Lack of vigilance raises tomato moth alert

The South American tomato moth, Tuta absoluta, spread throughout the UK quicker than expected last year, with 11 growing sites and 21 packhouses suffering outbreaks.

Tuta absoluta has wiped out crops in Spain and is believed to have spread to the UK on imported Mediterranean produce.

It lays up to 260 eggs on a plant's surface, from which caterpillars hatch. After two weeks of feeding, they turn into moth-like chrysalises, and these can drop to the floor and get into packing materials such as crates.

Food & Environment Research Agency (FERA) plant health and seeds inspector Marcus Lazenby told growers at last week's tomato pest and disease seminar — run by the Horticultural Development Company and the Tomato Growers' Association (TGA) — in Stoneleigh that many of these outbreaks could have been avoided had the industry been more vigilant.

The biggest problems, he said, have been the arrival of infected crates at growing sites from packhouses, and the storage of clean boxes near infected produce.

"Tuta is hitching a lift," said Lazenby. "It is the responsibility of the whole industry here to mitigate the risk of infection - and infection from packhouses to growing sites can be reduced if regular risk assessments are carried out."

Lorries, for example, should be checked thoroughly before they travel to a growing site from a packhouse to deliver empty boxes or collect produce.

"One outbreak has already been linked to transport. There needs to be some type of risk assessment in place. What was the lorry carrying beforehand? Every lorry needs to be meticulously pressure washed."

He added that crates and boxes used for foreign produce should be cleaned before they are sent to a UK producer.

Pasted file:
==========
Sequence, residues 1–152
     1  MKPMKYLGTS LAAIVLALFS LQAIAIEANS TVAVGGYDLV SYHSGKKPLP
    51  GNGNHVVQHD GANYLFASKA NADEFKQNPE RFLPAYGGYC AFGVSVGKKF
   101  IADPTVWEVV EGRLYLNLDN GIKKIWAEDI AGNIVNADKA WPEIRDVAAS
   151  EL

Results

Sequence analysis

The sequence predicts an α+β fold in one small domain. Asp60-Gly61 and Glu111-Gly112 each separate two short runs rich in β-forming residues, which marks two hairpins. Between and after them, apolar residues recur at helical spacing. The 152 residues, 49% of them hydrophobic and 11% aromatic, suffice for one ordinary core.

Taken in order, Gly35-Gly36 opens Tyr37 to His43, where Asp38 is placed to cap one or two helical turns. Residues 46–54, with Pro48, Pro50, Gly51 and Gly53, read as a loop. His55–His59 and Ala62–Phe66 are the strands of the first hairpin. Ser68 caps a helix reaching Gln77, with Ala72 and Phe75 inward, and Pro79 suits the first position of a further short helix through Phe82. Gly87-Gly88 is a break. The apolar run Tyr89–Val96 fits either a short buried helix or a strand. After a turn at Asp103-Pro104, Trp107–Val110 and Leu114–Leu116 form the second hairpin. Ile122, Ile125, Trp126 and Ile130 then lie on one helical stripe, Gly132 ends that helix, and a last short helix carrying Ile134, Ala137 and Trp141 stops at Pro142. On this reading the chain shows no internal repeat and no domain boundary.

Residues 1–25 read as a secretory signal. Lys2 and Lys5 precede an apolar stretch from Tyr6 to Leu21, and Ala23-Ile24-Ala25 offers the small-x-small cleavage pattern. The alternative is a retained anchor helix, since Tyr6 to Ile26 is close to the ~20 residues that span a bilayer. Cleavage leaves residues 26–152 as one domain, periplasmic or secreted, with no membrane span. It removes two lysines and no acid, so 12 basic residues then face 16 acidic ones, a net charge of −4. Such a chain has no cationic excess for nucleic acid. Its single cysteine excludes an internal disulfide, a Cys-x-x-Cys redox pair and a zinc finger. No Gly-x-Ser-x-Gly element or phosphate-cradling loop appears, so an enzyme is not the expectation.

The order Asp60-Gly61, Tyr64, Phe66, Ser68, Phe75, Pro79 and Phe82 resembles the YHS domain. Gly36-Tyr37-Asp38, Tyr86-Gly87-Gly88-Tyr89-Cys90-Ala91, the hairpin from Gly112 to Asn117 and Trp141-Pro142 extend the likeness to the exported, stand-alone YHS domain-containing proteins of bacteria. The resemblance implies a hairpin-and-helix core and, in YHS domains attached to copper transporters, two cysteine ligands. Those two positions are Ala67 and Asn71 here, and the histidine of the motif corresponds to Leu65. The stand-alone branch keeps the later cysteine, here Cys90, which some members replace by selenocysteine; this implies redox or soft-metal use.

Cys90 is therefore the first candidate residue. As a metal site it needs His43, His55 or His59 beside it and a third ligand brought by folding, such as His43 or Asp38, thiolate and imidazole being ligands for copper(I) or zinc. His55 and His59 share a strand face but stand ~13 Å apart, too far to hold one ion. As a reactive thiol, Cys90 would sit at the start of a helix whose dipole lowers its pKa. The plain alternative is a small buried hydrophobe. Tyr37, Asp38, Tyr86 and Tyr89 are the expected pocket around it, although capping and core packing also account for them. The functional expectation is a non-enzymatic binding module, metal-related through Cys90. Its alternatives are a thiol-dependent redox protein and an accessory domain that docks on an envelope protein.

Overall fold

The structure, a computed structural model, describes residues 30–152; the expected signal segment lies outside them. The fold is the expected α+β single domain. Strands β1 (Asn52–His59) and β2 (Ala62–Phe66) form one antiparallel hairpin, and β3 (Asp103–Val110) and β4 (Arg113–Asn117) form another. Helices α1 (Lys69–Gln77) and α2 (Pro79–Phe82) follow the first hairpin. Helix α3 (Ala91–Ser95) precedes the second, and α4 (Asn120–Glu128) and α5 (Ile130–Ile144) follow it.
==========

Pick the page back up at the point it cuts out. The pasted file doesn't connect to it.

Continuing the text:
The pest can also be controlled by storing tomatoes in non-returnable boxes and by making up new boxes in an area of the packhouse away from infested crates.

"Some boxes have been made up in the centre of the packhouse and become infected," he said.

Lazenby told growers at the seminar that another "burning problem" is that packhouses are often in close proximity to one another — as are many growers to packhouses.

"One of the biggest problems is direct flight," he said. "It's not a big trip for a Tuta to make. So it's an important task to keep packhouses completely sealed. You may have to invest in screened vents."

Waste management is also important, he added, because the insects can fly out of skips containing infested produce if covers are not properly fitted.

"Within a few days of starting to survey, we had reports from packhouses that they had a confinement heavily infected with Tuta."



10 Jan 2008 FERA warns about Tuta at TGA disease seminar.Lazenby said: "This is when it was present in Spain, but at this stage we did not believe it would be a massive threat."

5 Feb 2009 Dutch notification of Tuta at a packhouse for Spanish produce.

16 Feb 2009 Survey of packhouses in the UK.

27 Feb 2009 First UK finding.

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